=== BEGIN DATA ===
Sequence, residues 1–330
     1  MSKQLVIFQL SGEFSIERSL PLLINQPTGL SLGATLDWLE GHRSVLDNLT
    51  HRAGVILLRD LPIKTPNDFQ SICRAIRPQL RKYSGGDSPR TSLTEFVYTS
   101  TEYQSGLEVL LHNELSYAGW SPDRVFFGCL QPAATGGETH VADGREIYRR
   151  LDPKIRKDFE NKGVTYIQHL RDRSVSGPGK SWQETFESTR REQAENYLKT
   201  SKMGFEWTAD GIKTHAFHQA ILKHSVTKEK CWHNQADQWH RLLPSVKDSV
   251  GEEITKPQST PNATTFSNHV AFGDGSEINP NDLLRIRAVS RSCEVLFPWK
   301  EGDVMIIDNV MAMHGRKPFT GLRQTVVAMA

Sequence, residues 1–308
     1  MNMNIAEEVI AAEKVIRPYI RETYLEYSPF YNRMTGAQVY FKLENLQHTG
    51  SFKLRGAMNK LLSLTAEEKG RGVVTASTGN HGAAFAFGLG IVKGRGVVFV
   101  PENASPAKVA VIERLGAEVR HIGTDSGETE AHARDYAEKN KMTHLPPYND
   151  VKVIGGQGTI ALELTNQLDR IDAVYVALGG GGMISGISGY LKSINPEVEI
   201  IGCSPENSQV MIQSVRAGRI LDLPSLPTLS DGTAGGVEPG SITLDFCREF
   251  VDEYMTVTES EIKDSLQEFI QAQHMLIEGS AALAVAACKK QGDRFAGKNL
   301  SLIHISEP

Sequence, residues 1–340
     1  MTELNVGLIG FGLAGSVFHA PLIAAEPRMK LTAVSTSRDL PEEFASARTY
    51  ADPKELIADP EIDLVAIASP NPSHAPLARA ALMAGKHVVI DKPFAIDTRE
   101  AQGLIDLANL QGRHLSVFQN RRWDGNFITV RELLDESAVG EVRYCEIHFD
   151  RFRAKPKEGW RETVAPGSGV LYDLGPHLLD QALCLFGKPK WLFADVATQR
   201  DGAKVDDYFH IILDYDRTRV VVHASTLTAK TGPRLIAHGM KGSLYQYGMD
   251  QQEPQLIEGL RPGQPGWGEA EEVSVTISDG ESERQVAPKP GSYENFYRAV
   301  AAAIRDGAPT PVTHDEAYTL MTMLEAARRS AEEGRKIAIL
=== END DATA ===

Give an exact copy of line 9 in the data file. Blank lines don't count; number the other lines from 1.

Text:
Sequence, residues 1–308